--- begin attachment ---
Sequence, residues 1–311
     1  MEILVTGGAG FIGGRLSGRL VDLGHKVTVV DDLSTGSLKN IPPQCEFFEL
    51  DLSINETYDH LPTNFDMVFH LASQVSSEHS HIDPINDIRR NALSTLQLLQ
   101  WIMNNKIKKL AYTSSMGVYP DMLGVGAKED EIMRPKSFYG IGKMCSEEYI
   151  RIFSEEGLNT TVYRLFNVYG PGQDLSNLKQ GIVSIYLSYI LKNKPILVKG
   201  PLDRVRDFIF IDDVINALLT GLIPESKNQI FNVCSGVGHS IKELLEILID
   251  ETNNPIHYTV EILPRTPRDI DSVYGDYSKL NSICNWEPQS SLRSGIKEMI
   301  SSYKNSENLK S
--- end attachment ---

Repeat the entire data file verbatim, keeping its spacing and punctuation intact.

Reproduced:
Sequence, residues 1–311
     1  MEILVTGGAG FIGGRLSGRL VDLGHKVTVV DDLSTGSLKN IPPQCEFFEL
    51  DLSINETYDH LPTNFDMVFH LASQVSSEHS HIDPINDIRR NALSTLQLLQ
   101  WIMNNKIKKL AYTSSMGVYP DMLGVGAKED EIMRPKSFYG IGKMCSEEYI
   151  RIFSEEGLNT TVYRLFNVYG PGQDLSNLKQ GIVSIYLSYI LKNKPILVKG
   201  PLDRVRDFIF IDDVINALLT GLIPESKNQI FNVCSGVGHS IKELLEILID
   251  ETNNPIHYTV EILPRTPRDI DSVYGDYSKL NSICNWEPQS SLRSGIKEMI
   301  SSYKNSENLK S